FIGURE 6.

Loss of the SFKs spontaneously activates the NLRP3 inflammasome. (A) The cell extracts from PMA-differentiated control (Ctr), c-Src, Fyn, Fgr, and Lyn knockdown THP-1 cells were subjected to immunoblotting with the indicated Abs. *Nonspecific band. (B) PMA-differentiated Ctr, c-Src, Fyn, Fgr, and Lyn knockdown THP-1 cells were incubated for 8 h. IL-1β release was analyzed by ELISA. Data shown are the mean ± SD. Significant differences were determined by Student t test; *p < 0.05, **p < 0.01, ***p < 0.001. (C) PMA-differentiated Ctr, c-Src, Fyn, Fgr, and Lyn knockdown THP-1 cells were incubated for 8 h. Cell-free supernatants (Sups) and cell lysates were subjected to immunoblotting with the indicated Abs. (D) PMA-differentiated Ctr, c-Src, Fyn, and Fgr knockdown THP-1 cells were treated with 1 µM MCC950 and incubated for 8 h. Cell-free Sups and cell lysates were subjected to immunoblotting with the indicated Abs. (E) HEK293A cells were transfected with Flag-NLRP3, procaspase-1, ASC, pro–IL-1β, and Fyn plasmids for 24 h and then incubated for 8 h after medium change. Cell-free Sups and cell lysates were subjected to immunoblotting with the indicated Abs. (F) PMA-differentiated THP-1 cells were treated with 20 μM SP600125 (JNK inhibitor), SB203580 (p38 inhibitor), U0126 (MEK inhibitor), or GF for 8 h. MMP was measured using JC-1 probe. Data shown are the mean ± SD. Significant differences were determined by Student t test; ***p < 0.001. (G) PMA-differentiated THP-1 cells were treated with 20 μM SP600125 (JNK inhibitor), SB203580 (p38 inhibitor), U0126 (MEK inhibitor), or GF for 8 h. Cell-free Sups and cell lysates were subjected to immunoblotting with the indicated Abs.

Close modal

Finally, we explored the mechanistic connections between the loss of mSFKs and the NLRP3 inflammasome activation. Considering that the TKIs cause the loss of MMP as shown in Fig. 4A, loss of functions of the mSFKs may lead to mitochondrial damage or dysfunction. Notably, a recent report supports this idea. In Huntington’s disease, the mitochondrial dysfunction associated with reduced expressions of c-Src and Fyn proteins was improved by its restoration (41). Interestingly, we found that the loss of Fyn promoted leakage of mtDNA to cytosol (Fig. 7A). The leakage of mtDNA was also observed when wild-type (WT) THP-1 cells were treated with the TKIs (Fig. 7B). Recent evidence has demonstrated that the leakage of mtDNA to cytosol was promoted when mitochondrial reactive oxygen species (mtROS) cause oxidation and fragmentation of mtDNA, which triggers the NLRP3 inflammasome activation (42). Indeed, c-Src, Fyn, and Fgr, but not Lyn, knockdown THP-1 cells exhibited increased generation of mtROS even in the absence of stimulation (Fig. 7C). Moreover, the spontaneous mature IL-1β release was clearly inhibited by the mitochondria-targeted antioxidant Mito-TEMPO (Fig. 7D). Thus, we concluded that the mitochondrial damage that causes mtROS generation and subsequent leakage of mtDNA, initiated by the nonspecific inhibition of any of c-Src, Fyn, or Fgr, stimulates the NLRP3 inflammasome activation, and off-target activity of the TKIs for these SFKs is responsible for NLRP3-mediated inflammation.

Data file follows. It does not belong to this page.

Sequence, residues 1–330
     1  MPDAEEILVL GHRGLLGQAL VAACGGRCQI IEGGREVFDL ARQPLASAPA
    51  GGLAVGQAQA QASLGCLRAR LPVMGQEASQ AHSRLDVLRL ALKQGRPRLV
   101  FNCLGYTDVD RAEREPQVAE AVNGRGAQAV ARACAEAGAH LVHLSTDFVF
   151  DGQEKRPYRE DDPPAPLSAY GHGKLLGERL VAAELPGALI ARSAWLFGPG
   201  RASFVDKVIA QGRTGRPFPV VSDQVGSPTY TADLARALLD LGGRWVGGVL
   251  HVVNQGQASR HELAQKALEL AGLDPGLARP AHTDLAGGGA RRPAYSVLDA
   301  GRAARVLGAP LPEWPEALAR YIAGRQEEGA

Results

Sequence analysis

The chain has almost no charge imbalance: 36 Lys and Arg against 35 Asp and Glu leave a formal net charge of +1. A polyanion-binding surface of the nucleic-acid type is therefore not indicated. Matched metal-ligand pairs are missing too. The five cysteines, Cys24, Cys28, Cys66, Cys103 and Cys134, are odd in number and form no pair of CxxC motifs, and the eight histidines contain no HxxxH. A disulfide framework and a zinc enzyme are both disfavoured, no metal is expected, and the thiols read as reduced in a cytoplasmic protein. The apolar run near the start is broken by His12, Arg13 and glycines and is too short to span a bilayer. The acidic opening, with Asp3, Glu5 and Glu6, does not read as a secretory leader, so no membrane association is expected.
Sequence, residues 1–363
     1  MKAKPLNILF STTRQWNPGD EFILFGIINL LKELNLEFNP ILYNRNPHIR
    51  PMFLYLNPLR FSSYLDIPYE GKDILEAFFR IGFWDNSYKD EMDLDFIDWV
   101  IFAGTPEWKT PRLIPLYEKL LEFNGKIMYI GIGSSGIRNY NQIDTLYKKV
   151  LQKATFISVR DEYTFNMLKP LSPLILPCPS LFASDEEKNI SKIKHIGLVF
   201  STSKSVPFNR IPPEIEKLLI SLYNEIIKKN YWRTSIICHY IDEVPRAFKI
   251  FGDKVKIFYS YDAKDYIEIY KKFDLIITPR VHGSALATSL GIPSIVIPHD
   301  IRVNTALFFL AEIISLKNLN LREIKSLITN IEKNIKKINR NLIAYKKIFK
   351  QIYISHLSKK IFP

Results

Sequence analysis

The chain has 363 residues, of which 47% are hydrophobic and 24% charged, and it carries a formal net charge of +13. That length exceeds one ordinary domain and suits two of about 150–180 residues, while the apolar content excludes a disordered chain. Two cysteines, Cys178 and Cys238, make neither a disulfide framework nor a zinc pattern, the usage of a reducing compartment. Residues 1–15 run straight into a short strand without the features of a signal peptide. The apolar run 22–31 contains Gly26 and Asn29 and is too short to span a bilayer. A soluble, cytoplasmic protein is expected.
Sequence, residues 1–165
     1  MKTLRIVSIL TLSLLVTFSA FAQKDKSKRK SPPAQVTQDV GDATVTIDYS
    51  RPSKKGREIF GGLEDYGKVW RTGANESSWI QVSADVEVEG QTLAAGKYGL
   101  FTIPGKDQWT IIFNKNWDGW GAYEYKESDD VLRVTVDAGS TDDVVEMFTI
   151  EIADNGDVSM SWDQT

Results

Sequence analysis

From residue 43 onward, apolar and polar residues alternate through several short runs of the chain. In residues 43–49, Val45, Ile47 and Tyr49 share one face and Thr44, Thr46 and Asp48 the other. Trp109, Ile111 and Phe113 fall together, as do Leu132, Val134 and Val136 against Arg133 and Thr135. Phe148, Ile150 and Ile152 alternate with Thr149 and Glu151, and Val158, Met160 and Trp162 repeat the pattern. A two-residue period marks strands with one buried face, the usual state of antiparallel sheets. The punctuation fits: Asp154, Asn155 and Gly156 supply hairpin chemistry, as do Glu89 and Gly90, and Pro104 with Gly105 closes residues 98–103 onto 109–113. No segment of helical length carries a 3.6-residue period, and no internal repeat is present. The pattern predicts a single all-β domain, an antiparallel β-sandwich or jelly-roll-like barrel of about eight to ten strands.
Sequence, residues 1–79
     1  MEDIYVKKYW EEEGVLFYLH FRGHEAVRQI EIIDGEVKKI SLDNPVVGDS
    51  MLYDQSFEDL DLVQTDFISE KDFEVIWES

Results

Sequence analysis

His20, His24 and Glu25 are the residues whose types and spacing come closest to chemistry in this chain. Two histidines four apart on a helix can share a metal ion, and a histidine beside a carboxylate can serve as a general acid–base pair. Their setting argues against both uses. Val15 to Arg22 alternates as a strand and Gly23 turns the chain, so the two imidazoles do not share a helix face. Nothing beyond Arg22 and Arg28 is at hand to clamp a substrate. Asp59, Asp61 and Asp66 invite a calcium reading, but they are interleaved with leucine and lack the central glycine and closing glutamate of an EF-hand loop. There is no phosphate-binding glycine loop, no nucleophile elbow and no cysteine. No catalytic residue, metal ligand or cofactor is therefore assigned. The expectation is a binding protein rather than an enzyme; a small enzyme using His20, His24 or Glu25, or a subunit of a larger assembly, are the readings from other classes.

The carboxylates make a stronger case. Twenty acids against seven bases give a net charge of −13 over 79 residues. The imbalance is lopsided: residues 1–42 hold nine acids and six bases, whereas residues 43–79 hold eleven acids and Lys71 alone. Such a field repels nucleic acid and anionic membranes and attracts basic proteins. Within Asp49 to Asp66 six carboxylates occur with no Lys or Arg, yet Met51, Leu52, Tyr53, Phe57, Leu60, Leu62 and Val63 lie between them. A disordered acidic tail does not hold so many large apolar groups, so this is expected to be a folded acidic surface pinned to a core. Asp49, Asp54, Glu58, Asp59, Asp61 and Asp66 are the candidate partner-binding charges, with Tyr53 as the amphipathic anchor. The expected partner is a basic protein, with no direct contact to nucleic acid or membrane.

FIGURE 7.

Loss of the SFKs initiates leakage of mtROS and mtDNA. (A) Control (Ctr) and Fyn knockdown THP-1 cells were incubated for 8 h. Relative cytosolic mtDNA amounts were quantified by quantitative PCR (qPCR). Relative ratios of cytosolic D-loop or Cox1 are shown. Data shown are the mean ± SD. Significant differences were determined by Student t test; *p < 0.05, **p < 0.01, ***p < 0.001. (B) THP-1 cells were treated with 20 μM GF, PZ, OS, or IM for 4 h. Relative cytosolic mtDNA amounts were quantified by qPCR. Relative ratios of cytosolic D-loop or Cox1 are shown. Data shown are the mean ± SD. Significant differences were determined by Student t test; *p < 0.05, **p < 0.01. (C) Ctr, c-Src, Fyn, Fgr, and Lyn knockdown THP-1 cells were measured for mtROS using MitoSOX. Data shown are the mean ± SD. Significant differences were determined by Student t test; ***p < 0.001. (D) PMA-differentiated Ctr, c-Src, Fyn, and Fgr knockdown THP-1 cells were treated with 20 µM Mito-TEMPO and incubated for 8 h. Cell-free supernatants (Sup) and cell lysates were subjected to immunoblotting with the indicated Abs.

FIGURE 7.

Loss of the SFKs initiates leakage of mtROS and mtDNA. (A) Control (Ctr) and Fyn knockdown THP-1 cells were incubated for 8 h. Relative cytosolic mtDNA amounts were quantified by quantitative PCR (qPCR). Relative ratios of cytosolic D-loop or Cox1 are shown. Data shown are the mean ± SD. Significant differences were determined by Student t test; *p < 0.05, **p < 0.01, ***p < 0.001. (B) THP-1 cells were treated with 20 μM GF, PZ, OS, or IM for 4 h. Relative cytosolic mtDNA amounts were quantified by qPCR. Relative ratios of cytosolic D-loop or Cox1 are shown. Data shown are the mean ± SD. Significant differences were determined by Student t test; *p < 0.05, **p < 0.01. (C) Ctr, c-Src, Fyn, Fgr, and Lyn knockdown THP-1 cells were measured for mtROS using MitoSOX. Data shown are the mean ± SD. Significant differences were determined by Student t test; ***p < 0.001. (D) PMA-differentiated Ctr, c-Src, Fyn, and Fgr knockdown THP-1 cells were treated with 20 µM Mito-TEMPO and incubated for 8 h. Cell-free supernatants (Sup) and cell lysates were subjected to immunoblotting with the indicated Abs.